This past week we took a day trip to Rome. We are STILL trying to get our German drivers licenses converted to Italian ones. We started this process last year and hit a road block. Italians like every document to match perfectly. In our case our Italian documents say we were born in a city in the US, while our German licenses list our state. Even though we brought in our birth certificates which list both they said no. And we’ve learned two main things here. One, when a bureaucrat makes up his or her mind you have no recourse. And two, they each make up the rules as they go along. We gave up until it occurred to us that we could just try another place and hope for better luck.
So we went to the next town called Trestina. And we visited the little auto services place there. A nice woman is helping us and we took in all of our copies of all of our documents. We waited and she called and we returned. This time the discrepancy was not only our places of birth but Luther’s name. On his Italian documents he is Luther Pearson Hampton III. On the German drivers license he is merely Luther Pearson Hampton. Oh no! So, she explained we had to do an attestazione to swear we were who we said we were even though we were born in different places and had different names. And we had to do this in Rome at the American Embassy.
So we created our attestazione and took the train to Rome. It was a pretty day. It takes about two hours to get to Rome on the train. Then we walked the maybe ten minute walk to the Embassy. They were super nice there. Nothing like the Florence Consulate. We went through the security and the man took our papers and said they get this all the time. We paid $50.00 for each notarization. Cash cow for the Embassy! Another guy stamped and witnessed our signatures. Mission accomplished. We were back home by 6pm.
Next steps, we have to get four photos made. And we have to affix one to a piece of paper stating who we are and our address. Then we have to go to the Comune and get them to attest that we are who we say and that we live at that address. First we have to find that office since all the people from the Comune are scattered around town due to the renovation. I sure hope we can get the licenses after all this!
We have finally gotten to summer after a long, cool, wet spring. Events are planned in the Piazza. The old men play briscola all afternoon at the tables at Bar Mary. Evenings lately are boistrous affairs with the European Soccer championship going on. Lots of cheering from the Piazza as people crowd around the TV provided by Mary and Irene.
We have recently said goodbye to Luther’s brother Jeff and family who were visiting Italy for the first time and managed to find a few days to visit us here. It was nice to catch up and get to know his children Aaron and Allie. We visited Perugia, had a great dinner in Montone and they all took a cooking class at Agriturismo Calagrana. It was pouring rain that day!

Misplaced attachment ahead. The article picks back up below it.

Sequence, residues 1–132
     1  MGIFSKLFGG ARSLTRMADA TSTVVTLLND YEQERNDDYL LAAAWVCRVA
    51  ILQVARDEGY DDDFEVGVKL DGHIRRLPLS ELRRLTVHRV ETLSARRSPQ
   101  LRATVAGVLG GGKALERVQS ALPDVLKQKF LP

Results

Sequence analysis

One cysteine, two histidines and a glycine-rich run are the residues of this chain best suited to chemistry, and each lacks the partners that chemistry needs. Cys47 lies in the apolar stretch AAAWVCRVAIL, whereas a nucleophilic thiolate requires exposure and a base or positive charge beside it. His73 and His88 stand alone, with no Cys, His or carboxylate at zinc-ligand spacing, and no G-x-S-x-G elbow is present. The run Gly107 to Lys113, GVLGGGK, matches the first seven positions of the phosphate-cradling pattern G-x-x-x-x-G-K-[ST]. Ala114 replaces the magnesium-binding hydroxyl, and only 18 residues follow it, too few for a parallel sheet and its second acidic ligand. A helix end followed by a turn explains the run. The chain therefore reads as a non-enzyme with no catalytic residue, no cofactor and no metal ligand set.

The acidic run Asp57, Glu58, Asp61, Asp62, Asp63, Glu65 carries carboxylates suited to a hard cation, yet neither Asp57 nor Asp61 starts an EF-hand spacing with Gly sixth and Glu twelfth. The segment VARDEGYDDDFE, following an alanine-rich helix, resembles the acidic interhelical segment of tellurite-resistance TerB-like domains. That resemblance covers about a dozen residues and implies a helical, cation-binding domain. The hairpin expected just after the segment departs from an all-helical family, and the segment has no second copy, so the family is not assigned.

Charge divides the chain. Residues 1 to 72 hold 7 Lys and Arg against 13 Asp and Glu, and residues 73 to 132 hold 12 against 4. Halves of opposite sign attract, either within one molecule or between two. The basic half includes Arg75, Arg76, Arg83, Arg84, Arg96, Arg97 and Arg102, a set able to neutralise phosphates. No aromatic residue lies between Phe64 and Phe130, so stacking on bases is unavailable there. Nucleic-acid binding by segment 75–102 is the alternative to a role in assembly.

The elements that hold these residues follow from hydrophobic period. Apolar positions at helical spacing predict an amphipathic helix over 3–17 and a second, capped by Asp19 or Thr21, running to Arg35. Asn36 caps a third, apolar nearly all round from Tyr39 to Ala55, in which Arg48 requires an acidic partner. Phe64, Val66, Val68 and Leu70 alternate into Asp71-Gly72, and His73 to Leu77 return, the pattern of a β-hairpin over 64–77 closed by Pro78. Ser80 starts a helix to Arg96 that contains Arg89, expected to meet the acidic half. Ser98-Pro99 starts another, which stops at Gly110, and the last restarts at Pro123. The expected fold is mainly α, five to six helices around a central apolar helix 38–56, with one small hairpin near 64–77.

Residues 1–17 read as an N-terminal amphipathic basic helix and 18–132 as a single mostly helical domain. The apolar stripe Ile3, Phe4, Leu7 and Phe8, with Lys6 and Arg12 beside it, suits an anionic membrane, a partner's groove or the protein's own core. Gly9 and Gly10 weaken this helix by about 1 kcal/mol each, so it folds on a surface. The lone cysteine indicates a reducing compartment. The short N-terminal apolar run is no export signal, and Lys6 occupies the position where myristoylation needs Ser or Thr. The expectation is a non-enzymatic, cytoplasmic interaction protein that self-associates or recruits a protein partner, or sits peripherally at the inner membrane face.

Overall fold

We made a trip to Gubbio where a talented artisan makes beautiful reproductions of Byzantine and Roman friezes etc. I had wanted to buy one for a long time. Here is the one I chose.
As for bureaucratic things, we applied WAY back in January to renew our Permessi to stay and we finally got our appointment to pick them up in JULY! Of course our old Permessi expired in June making a gap. We visited the Large Lady who handles the health insurance with our receipts and the phone text with the appointment time. She was appalled at how long it had taken. She still couldn’t give us our new cards to last until the end of the year. So she just gave us until July 30. I was concerned that we have it in force for our upcoming trip to Poland.
I have not reported on our efforts to get our Italian driving licenses. Since we have valid German ones we tried to have them transferred to Italian. Anything to avoid having to go to driving school and take the test in Italian! We have not been successful, alas. We were making good progress until the woman noticed that on the German license it gives our place of birth as our STATE and on our Italian documents our CITY where we were born was listed. Oh NO! So we brought our passports and our birth certificates to them which show BOTH city and state of our birth. They refused us. We will have to formulate a Plan B I guess. It is always something.
So in just over a week we are off our our road trip to Poland, making stops in Slovenia, Slovakia, and Austria along the way. I hope it’s not too hot! We have found some Americans who wanted to come to Italy and offered to house/cat sit while we are gone. That is a nice thing for both them, us and the boyz.